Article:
In terms of color, the color of Hua Dian is richer than that of E Huang, which is mainly divided into three categories: golden yellow, emerald green and bright red; Some retain the color of raw materials, such as gold foil is golden, fish gill bone and mica sheet are white, kingfisher feather is emerald green, and colored paper has different colors; Sometimes they can also be dyed into various colors according to their needs.
The slender eyebrows style of the Han Dynasty was still favored by women in general until Sui Dynasty.
Before the Tang Dynasty, women used Dai (黛) as the main material for eyebrow drawing. In the Tang Dynasty, women began to use Yan Mo (烟墨) to draw eyebrows. The manufacturing of Yan Mo started during the Wei and Jin dynasties, using ink and coal as raw materials, which was mainly used for writing. This ink-making technology had great development during the Tang Dynasty.
The style of eyebrow drawing in the Tang Dynasty is the most prosperous in the past dynasties, and various eyebrow shapes have appeared. From the picture albums and archaeological data of the Tang Dynasty, there were 15 or more kinds of eyebrow styles popular in the Tang Dynasty.
From the evolution process of the eyebrow shape, the early Tang Dynasty popular thick and wide, and long eyebrow shapes, the drawing method is different, some are sharp heads and wide tails, some are two heads sharp, some are eyebrow heads together, and some are eyebrow tail apart. In the Kaiyuan and Tianbao years, slender eyebrows were popular, such as the Liu Ye Mei (柳叶眉, salix leaf eyebrow) and the Que Yue Mei (却月眉, half-moon eyebrow).
The salix leaf eyebrow, also known as the willow eyebrow, is named for its thin eyebrow head, broad eyebrow waist, and slender eyebrow tail, as beautiful as willow leaves; But the half-moon eyebrow is also called the moon ridge eyebrow, which is slightly wider than the salix leaf eyebrow. Its two ends are sharp and curved like a crescent moon.
Short and wide eyebrows began to be popular in the late Tang Dynasty, especially in the middle and late Tang Dynasty. In the years of Yuanhe and Changqing, in addition to being thick and short, the eyebrow shape was also drawn as low and oblique as Chinese character "八", called Ba Zi Mei (八字眉). The style was not the same as that of the Han, Wei and Six Dynasties. At that time, whether in the palace or among the people, this kind of eyebrows style were widely popular among women.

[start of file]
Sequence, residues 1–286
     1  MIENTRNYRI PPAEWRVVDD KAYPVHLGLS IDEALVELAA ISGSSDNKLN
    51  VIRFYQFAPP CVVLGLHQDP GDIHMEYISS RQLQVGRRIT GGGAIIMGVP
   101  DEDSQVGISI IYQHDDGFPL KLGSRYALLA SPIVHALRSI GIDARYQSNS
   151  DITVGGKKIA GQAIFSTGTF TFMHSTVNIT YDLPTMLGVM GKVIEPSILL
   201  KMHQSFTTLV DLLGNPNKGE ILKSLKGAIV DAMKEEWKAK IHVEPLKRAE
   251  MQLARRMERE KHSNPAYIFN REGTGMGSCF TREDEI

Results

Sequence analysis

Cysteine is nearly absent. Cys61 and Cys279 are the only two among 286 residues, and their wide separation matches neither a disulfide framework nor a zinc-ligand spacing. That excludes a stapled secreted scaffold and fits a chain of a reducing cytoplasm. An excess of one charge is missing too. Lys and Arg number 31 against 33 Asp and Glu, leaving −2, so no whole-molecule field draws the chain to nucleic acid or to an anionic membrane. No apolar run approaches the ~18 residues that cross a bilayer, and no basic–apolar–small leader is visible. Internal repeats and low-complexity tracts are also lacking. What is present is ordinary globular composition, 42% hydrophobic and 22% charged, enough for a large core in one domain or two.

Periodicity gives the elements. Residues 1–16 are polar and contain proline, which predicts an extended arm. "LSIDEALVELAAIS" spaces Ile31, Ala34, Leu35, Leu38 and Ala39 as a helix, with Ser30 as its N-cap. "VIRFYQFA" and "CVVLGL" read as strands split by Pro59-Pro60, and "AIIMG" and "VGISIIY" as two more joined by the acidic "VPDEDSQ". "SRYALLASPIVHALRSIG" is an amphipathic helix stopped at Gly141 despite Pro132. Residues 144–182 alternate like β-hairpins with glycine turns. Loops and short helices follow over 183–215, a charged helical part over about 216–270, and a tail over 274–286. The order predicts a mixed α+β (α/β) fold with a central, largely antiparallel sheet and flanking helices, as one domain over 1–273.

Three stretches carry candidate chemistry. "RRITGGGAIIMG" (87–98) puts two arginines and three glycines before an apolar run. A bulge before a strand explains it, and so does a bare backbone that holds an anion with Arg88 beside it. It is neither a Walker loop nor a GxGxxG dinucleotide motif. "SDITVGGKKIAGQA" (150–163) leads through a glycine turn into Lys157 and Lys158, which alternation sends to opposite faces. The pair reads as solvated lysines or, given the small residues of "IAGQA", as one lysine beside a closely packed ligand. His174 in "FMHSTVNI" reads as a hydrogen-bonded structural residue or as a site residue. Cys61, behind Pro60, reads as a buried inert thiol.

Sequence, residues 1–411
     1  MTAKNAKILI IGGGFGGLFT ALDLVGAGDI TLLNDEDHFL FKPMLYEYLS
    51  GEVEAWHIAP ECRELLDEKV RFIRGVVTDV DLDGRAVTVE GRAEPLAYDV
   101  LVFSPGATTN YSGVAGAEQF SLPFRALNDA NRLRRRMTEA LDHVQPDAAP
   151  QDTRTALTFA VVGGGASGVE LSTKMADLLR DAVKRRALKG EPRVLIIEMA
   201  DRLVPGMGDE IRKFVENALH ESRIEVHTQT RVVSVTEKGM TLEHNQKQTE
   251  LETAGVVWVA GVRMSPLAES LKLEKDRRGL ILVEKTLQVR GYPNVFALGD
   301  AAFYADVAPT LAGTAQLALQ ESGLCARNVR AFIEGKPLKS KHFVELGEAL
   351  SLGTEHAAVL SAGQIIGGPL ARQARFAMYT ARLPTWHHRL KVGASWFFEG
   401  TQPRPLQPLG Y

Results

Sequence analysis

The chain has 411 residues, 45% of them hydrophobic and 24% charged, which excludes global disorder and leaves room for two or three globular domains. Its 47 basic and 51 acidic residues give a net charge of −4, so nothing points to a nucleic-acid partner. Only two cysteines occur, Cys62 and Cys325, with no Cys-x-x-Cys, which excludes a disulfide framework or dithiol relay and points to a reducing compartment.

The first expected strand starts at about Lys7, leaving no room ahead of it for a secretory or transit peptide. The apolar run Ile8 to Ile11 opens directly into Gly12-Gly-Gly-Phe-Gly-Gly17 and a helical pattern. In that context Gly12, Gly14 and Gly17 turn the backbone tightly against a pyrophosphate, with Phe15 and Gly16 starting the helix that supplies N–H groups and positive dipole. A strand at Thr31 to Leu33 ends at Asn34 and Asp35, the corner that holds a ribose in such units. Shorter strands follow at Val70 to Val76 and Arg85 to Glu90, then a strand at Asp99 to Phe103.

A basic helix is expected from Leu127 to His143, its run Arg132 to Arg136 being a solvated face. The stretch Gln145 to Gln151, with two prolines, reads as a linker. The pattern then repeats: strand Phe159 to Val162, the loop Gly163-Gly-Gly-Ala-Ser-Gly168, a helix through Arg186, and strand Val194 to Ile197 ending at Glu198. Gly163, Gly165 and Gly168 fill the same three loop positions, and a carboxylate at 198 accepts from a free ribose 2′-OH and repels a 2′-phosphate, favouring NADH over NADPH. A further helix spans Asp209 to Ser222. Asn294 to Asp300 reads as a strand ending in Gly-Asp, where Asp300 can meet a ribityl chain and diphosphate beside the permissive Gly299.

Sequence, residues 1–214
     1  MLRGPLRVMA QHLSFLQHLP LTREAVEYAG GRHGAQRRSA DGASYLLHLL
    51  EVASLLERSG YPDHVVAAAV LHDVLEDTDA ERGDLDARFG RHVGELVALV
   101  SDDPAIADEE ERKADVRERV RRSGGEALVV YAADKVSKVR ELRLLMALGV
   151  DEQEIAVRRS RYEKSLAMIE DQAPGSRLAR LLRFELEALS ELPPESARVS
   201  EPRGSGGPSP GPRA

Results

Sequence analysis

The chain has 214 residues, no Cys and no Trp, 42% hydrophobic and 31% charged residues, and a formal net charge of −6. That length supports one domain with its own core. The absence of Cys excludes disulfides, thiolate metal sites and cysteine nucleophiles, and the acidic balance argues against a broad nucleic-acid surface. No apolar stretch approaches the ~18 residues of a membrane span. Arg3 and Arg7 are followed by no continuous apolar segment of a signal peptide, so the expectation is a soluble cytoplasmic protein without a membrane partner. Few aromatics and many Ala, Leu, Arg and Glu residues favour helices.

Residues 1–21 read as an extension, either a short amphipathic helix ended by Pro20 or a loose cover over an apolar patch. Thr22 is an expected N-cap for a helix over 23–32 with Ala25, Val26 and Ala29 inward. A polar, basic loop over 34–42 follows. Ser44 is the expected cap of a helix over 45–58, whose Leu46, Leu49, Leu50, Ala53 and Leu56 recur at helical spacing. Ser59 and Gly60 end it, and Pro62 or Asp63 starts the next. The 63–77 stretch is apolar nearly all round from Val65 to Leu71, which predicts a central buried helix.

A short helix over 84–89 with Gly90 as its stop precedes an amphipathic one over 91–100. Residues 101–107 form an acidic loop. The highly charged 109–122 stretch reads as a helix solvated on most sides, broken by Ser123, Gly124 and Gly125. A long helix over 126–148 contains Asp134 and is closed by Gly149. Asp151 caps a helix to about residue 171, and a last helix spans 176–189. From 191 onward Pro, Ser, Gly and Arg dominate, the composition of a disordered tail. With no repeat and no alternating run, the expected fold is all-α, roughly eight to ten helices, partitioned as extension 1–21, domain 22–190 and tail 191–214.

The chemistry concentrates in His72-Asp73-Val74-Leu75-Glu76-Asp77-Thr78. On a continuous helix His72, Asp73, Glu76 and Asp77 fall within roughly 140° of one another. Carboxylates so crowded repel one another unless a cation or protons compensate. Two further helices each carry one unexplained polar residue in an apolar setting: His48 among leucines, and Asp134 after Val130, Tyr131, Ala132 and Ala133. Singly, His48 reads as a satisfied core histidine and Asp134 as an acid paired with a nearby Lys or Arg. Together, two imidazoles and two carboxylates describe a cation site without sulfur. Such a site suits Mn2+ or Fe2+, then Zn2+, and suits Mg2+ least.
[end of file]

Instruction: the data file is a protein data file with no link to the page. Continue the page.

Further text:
Generally speaking, the eyebrows of women in the Tang Dynasty generally preferred colorful, but they did not lose elegance. Occasionally, they also painted light eyebrows, represented by the lady of the state of Guo, and won by natural beauty.
The Tang Dynasty had the most variety of applying lipstick styles in all dynasties. From the point of view of color, in addition to the use of vermilion, rouge itself to express the shade of lip color, Tang Dynasty women also like to use the color of Tan (reddish brown).
Kou Zhi (口脂), which is used to apply lipstick has also developed to a certain shape at this time. Kou Zhi was a tubular object similar to modern lipstick at that time.
In the Tang Dynasty, besides women, men also had the habit of using Kou Zhi, but the was generally colorless, and it was a transparent moisturizing lipstick.
And the Kou Zhi used by women contains color and has a strong covering function to change the mouth shape and play the role of makeup. The thick lips can be drawn into thin shapes, and the small lips can be drawn into wide shapes, thus creating the artistic beauty of applying lipsticks.